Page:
America, 16th in world re. college graduates

A generation ago we were 1st in the world regarding the number of college graduates and we’ve slipped to 16th.

What happened?

Two things happened. We became complacent and everyone else sprinted past us.

Kids in the United States go to school fewer days than the kids in the countries ahead of us. American children study to less rigorous standards, etc… And so we lost the leadership role.

I learned this lesson when I was a young teen. I joined a football team with had a coach that didn’t believe in conditioning. In the preseason we did fifteen jumping jacks and a few laps and then started practicing plays. I’m serious. That was it. That year we played about twelve games against other teams who, unlike us, took preseason conditioning seriously. We not only lost every single game that year… a few kids got injured.

That coach should have been fired.

The hard truth is that we, parents, are much like that coach. We, parents, need to embed it into our kids heads that they are not competing with the kid next to them at school… they are competing with kids in Bangalore and in cities they’ve never heard of… like Guǎngzhōu… which is 5x the size of Chicago.

We can and should take this on by understanding the stranglehold teachers unions have on our system but we, as parents, need to go further than that. We should seek out any and every educational option that we can afford or access for our kids, wherever that is in the world. We should encourage our kids to fully grasp that jobs will not be waiting for them upon graduation, the world is radically different than it was a few decades ago. All companies in the world seek to optimize their research, development and delivery systems with almost no acknowledgement to geographic or nationalistic restrictions. We should encourage our kids to embrace languages that are the drivers of the next century (such as Mandarin).

We, parents, must prepare our kids to compete in the world economy.

If you have kids, prepare them for the century ahead of us and not the one behind us.


One Comment so far. Leave a comment below.
  1. Paddy McCourt,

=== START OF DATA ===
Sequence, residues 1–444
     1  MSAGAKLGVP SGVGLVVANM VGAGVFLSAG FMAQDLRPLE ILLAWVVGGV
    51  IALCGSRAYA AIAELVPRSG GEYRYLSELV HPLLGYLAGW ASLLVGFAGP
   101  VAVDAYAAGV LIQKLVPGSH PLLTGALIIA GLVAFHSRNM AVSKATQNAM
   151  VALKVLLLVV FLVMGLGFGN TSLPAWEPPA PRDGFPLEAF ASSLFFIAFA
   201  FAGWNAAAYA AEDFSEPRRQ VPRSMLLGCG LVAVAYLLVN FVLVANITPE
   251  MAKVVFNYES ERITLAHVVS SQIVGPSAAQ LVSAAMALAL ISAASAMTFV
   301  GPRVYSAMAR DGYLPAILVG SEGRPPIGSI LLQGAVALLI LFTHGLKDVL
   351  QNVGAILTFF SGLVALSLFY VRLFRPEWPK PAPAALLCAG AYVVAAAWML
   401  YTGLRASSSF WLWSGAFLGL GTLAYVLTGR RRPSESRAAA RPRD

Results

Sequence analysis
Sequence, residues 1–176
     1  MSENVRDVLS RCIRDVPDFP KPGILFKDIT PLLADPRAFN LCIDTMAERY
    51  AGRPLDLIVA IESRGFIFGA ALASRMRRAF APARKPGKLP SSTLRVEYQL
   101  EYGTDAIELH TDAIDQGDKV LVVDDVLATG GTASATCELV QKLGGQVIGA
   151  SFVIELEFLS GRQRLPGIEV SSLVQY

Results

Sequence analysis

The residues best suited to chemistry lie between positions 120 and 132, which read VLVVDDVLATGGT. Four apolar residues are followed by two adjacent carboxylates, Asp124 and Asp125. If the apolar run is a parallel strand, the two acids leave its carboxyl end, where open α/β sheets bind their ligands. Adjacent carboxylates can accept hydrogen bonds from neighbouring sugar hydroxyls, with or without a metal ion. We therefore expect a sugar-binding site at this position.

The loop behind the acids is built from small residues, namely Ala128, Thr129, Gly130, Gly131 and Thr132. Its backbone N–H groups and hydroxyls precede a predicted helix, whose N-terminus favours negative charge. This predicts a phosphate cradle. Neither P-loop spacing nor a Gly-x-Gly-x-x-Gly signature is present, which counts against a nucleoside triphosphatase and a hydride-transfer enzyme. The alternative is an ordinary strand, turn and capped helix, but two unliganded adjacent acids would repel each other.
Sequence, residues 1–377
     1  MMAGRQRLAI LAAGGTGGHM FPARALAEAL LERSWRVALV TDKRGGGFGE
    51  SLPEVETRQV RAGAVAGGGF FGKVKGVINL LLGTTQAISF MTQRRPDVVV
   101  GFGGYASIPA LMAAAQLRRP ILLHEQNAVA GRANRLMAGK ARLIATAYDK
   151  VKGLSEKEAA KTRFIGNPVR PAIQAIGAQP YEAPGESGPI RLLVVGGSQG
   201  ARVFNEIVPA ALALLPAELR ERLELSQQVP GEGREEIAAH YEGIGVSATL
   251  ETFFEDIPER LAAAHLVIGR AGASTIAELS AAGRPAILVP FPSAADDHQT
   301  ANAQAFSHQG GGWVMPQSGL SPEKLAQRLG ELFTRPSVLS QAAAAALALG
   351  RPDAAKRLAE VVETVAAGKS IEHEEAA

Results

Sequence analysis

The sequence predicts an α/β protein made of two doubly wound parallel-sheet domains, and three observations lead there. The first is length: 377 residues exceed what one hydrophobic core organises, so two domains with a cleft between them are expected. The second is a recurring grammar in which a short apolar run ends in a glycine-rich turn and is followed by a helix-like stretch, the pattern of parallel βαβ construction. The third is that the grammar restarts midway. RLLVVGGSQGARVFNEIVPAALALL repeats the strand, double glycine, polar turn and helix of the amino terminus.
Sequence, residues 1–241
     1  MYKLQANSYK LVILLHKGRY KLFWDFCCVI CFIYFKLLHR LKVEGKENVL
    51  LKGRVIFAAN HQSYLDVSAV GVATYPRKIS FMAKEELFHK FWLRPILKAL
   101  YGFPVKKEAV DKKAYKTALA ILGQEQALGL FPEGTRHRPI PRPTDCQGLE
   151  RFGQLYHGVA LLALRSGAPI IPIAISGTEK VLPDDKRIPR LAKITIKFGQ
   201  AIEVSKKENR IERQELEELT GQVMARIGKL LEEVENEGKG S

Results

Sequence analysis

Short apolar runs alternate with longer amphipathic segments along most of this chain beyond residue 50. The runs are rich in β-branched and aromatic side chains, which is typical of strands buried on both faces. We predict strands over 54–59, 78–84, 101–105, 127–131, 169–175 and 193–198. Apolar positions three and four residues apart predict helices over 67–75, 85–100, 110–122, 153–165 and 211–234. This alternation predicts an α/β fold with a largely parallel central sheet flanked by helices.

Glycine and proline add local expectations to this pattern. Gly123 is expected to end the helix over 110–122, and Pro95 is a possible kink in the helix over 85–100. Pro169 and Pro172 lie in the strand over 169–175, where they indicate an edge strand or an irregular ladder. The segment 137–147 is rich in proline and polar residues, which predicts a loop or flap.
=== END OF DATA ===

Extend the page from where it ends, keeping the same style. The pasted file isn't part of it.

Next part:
I get this first hand and its astounding to see how children on the other side of the world treat education. I teach at a private english school and very regularly these kids are at their main school from about 7:30 to 4:30, after a quick trip home for some food they are shuffled in to my school for another three or four hours and then its off home to do at least two hours of homework, however most of the time its three to four hours. Summer holiday? Nope, that’s seen by parents as a golden opportunity to pile on a wide range of private courses ranging from language to science. However its not completely one sided, as I take attendance in my class I kind of chew to fat with the kids to see whats going on in their lives a common question for me is, “Ok, it’s Saturday morning what are you going to do this weekend that’s fun” I would say about 85-90% of the time the answer is, “Nothing I have too much homework” (occasionally I will get computer games). Also, the motivation of these children only comes from being held by a very short leash by their parents and disagreements are not taken lightly. The way they talk about their education is most often a seething hatred, I cant tell you how many times I say, “So, why are you majoring accounting/medicine/chemistry?” to which the reply is “My parents are making me” and my reply is “What do you want to study” and my heart breaks when I hear “painting/music/design”. I do think its really serious how education in the USA seems to be going in the wrong direction, especially universities. I did an hour long talk the other day on The World is Flat and made sure that all my students gave themselves a pat on the back. The one thing American students need to grasp onto and cultivate above anything else is free thinking and creativity. We are getting crushed in math scores but I think just being creative and breaking the status quo is our most valuable export.

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